International climate negotiations that require diplomats and experts from all over the world to participate are also affected by the pandemic. The UNFCCC has announced it will hold no physical meetings until the end of April. Even the annual June meeting, the last UNFCCC negotiation session ahead of this year’s climate summit in Glasgow (COP26), could be at risk. It is impossible to foresee how the pandemic will evolve but cancelling the summit is even a distinct possibility. To make matters worse, Italy, which is meant to run some key preparatory meetings ahead of COP26, has introduced country-wide restrictions.
Considerations of COVID-19’s effect on the climate need to go beyond short-term emission reductions – and the political and economic outlook is all but rosy. Reasoning that an economic downturn and crisis can tackle climate change is not only mistaken; it could undermine public support for climate action. Tackling the climate crisis is about decoupling wealth and growth from emissions and ensuring a sustainable future for all, not economic decline.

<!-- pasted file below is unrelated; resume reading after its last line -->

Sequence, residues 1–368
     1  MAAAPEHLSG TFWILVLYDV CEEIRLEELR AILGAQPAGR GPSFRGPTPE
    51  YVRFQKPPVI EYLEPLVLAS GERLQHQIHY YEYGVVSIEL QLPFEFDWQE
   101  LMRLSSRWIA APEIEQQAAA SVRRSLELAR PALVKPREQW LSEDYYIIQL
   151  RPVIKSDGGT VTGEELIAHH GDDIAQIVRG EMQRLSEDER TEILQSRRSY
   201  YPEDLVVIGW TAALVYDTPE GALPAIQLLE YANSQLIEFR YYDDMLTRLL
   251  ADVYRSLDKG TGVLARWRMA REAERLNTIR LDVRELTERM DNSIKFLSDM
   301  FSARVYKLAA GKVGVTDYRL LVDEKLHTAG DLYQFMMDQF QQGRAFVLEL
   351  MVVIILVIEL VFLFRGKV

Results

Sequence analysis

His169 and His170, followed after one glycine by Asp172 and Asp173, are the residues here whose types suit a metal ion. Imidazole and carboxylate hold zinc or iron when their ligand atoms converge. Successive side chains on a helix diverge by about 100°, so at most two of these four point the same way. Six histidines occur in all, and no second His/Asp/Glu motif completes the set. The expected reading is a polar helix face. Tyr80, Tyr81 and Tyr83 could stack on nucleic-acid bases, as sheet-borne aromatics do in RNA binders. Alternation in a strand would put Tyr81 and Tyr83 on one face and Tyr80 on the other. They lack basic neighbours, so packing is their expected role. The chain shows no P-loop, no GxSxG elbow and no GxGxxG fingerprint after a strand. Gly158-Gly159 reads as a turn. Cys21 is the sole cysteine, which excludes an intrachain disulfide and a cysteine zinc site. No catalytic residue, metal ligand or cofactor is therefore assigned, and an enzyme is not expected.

Coronavirus responses – a blueprint for individual and government action in a crisis situation?
The importance of individual vs. government actions to address a collective crisis is a hot topic in the climate debate.
While individual actions, like improving hygiene, limiting travel and avoiding public events, can help reduce the spread of the virus, these alone are insufficient. It is up to governments to address this collective problem. For one, the virus affects some vulnerable groups more than others, so there is a collective responsibility to protect them. Secondly, people need clear guidance, if individual action is to be coherent.